In this dispute over the termination of a life insurance policy, Donald M. Prince, the beneficiary and owner of the policy, appeals the trial court's grant of summary judgment to Liberty Life Insurance Company, finding the statute of limitations barred the action. Prince argues his cause of action as beneficiary could not have accrued until the insured died and the fact that he is also the owner of the policy does not change that. We affirm.
Theodore David Wills, Jr., appeals his murder conviction and forty-year imprisonment sentence, arguing the admission of his proffered statement violated Rule 410, SCRE, because it was procured during plea negotiations with the State. The proffer agreement included a veracity clause whereby Wills agreed his statement may be used against him for any legal purpose if the State determined he was deceitful. Upon the advice of his counsel, evidenced by counsel's co-signature, Wills entered into the agreement. Later, Wills failed a State-administered polygraph examination. Therefore, the State used his proffered statement against him at trial. While South Carolina courts have applied general contract principles to immunity and plea agreements, the issue of whether an agreement can waive the application of the Rules of Evidence is novel. Accordingly, this court adopted and applied the principles of United States v. Mezzanatto, 513 U.S. 196 (1995), and held the protections of Rule 410, SCRE, can be waived by a proffer agreement entered into knowingly and voluntarily. Because Wills entered into the agreement with the advice of counsel, this court found the agreement was knowingly and voluntarily, and the trial court properly admitted Wills's statement into evidence.
The Department of Probation, Parole and Pardon Services appeals the trial judge's decision not to revoke Ronald Garrard's participation in the Community Supervision Program. In its opinion affirming the trial judge, the court of appeals defines "willfulness" under the program, and discusses the scope of a trial judge's discretion, both in terms of her decision not to revoke, and in deciding whether to hold a hearing under the Victim's Rights Act.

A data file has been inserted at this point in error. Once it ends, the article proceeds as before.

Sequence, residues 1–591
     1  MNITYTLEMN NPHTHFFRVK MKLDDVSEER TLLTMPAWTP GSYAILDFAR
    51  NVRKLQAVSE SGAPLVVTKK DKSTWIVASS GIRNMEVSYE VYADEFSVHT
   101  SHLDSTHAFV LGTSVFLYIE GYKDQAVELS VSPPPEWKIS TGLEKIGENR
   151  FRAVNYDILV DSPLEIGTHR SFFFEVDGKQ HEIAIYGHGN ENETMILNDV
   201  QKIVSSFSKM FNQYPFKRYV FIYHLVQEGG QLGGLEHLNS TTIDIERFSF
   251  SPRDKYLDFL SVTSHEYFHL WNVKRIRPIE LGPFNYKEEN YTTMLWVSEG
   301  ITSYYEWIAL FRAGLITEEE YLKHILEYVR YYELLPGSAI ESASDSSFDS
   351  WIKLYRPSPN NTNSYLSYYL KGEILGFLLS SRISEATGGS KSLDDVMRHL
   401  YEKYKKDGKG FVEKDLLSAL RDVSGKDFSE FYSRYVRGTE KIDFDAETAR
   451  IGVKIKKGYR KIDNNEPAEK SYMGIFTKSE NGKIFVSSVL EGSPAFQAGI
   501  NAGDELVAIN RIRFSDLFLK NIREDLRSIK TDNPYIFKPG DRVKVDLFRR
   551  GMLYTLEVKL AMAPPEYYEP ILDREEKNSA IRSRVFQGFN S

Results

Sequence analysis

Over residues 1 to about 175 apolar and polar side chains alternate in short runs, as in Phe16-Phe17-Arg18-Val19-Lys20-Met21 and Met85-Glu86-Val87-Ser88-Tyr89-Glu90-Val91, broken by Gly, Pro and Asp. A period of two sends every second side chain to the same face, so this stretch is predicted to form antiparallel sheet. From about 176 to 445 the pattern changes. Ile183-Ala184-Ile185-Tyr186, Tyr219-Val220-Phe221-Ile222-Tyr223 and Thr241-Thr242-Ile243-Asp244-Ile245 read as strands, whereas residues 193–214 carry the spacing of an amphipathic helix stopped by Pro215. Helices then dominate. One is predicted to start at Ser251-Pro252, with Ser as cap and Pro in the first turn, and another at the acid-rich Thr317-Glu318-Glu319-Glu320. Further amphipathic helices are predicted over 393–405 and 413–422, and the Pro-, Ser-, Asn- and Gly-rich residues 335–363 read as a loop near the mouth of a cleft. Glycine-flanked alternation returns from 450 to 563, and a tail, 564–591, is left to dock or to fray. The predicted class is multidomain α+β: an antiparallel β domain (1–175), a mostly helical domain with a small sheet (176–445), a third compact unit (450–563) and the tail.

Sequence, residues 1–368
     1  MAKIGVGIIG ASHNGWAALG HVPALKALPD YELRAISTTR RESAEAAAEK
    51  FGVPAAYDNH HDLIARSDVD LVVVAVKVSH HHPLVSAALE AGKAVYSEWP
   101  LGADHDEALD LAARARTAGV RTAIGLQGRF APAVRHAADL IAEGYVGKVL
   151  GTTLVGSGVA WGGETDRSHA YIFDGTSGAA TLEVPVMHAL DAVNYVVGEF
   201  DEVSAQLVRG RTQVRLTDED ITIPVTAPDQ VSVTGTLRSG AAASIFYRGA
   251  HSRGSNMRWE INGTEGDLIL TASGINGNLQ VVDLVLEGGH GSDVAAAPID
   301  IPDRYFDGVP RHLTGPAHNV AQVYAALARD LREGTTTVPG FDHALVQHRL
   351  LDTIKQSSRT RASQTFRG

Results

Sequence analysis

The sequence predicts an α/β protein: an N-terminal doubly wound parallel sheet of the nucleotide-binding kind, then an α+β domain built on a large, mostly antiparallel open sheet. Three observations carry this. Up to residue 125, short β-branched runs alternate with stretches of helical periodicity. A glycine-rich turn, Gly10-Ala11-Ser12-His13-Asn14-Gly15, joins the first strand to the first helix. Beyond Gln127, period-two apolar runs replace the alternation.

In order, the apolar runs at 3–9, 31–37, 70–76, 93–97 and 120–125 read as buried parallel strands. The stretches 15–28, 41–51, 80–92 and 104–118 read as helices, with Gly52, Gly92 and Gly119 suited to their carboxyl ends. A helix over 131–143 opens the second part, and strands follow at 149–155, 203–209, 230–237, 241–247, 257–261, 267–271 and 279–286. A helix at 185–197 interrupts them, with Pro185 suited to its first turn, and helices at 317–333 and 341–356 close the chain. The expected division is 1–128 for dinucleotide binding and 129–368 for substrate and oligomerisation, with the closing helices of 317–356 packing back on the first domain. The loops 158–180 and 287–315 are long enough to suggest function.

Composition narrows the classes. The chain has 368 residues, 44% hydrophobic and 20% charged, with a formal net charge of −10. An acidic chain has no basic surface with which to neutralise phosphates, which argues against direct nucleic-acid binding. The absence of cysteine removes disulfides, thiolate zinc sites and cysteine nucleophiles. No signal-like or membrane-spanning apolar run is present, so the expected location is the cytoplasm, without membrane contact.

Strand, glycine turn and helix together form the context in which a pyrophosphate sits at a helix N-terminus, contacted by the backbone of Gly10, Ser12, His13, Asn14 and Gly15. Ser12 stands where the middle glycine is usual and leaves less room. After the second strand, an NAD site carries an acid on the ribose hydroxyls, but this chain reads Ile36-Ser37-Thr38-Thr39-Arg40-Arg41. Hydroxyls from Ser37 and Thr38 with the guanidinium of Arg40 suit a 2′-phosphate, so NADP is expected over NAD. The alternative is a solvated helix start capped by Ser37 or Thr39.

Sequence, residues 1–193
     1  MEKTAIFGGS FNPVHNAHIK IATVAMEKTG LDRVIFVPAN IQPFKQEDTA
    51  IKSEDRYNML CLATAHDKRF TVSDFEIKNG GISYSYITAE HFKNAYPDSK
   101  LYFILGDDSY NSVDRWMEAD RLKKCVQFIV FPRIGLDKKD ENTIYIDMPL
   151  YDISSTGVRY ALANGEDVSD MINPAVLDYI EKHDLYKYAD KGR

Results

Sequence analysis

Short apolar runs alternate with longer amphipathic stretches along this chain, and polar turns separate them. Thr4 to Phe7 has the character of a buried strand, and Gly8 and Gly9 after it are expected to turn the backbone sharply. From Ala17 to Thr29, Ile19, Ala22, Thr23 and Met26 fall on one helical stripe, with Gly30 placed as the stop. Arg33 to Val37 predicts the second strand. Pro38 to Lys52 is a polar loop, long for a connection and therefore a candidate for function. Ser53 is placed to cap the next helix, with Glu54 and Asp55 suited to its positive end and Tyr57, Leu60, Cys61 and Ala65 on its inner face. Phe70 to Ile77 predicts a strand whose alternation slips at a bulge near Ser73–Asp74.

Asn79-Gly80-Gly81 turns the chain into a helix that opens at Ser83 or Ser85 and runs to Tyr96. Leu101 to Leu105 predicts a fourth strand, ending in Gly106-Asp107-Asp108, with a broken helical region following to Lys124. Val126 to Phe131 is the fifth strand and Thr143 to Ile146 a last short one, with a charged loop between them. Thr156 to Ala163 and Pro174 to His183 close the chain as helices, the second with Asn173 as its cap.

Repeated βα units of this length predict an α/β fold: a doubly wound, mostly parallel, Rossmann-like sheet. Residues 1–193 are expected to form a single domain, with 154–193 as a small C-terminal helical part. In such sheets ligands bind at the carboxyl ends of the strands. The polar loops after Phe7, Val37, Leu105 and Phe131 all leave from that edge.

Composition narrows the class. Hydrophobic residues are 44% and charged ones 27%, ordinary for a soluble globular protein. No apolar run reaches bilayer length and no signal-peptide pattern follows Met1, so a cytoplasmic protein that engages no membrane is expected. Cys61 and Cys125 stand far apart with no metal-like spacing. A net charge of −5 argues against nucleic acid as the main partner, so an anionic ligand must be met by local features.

M. R. C. L. appeals the termination of her parental rights to her minor child pursuant to sections 20-7-1572 (3) and (4) of the South Carolina Code (2007) (current version at 63-7-2570(3) & (4) (2010)) (willful failure to visit and willful failure to support, respectively). We reverse and remand to the family court for a permanency planning hearing.
James Moore filed this action against Jeannette M. Benson and Thomas Lee Benson seeking damages and equitable relief based on allegations of inter alia, fraud, conversion, and breach of fiduciary duty arising from the sale of real property from Moore to the Bensons. The master ordered the Bensons to reconvey the property to Moore, and awarded Moore actual and punitive damages. This appeal followed.
9-29-2010 - Opinions
In this workers' compensation case, SouthCo. Inc. (SouthCo.) argues the circuit court erred in its capacity as an appellate court by reversing the Workers' Compensation Commission's (Commission) finding that Michael Crisp (Crisp) did not sustain a physical brain injury.
During an altercation in a parking lot, Dennis Irby was shot and killed by a single 9mm gunshot. Adams Gibson and his brother Jacques Gibson were each indicted and convicted for the murder. Adams appeals, arguing the trial court erred in failing to grant a directed verdict and in failing to instruct the jury on involuntary manslaughter. We affirm.
Meagan Nakatsu had an automobile accident while she resided with her sister. Nakatsu brought a declaratory judgment action against Encompass Indemnity Company seeking to stack underinsured (UIM) coverage from her sister's Encompass insurance policy with her own UIM coverage from a different insurer. The trial court granted summary judgment to Encompass finding the policy excluded UIM coverage for resident relatives not operating covered vehicles. Nakatsu appeals. We reverse.
The South Carolina Department of Consumer Affairs appeals the Administrative Law Court’s refusal to order a refund of fees collected for credit counseling services conducted in violation of the licensing requirements of the Consumer Credit Counseling Act. In its opinion affirming the ALC, the court of appeals explains that the ALC does not have the power to grant the relief requested by the Department.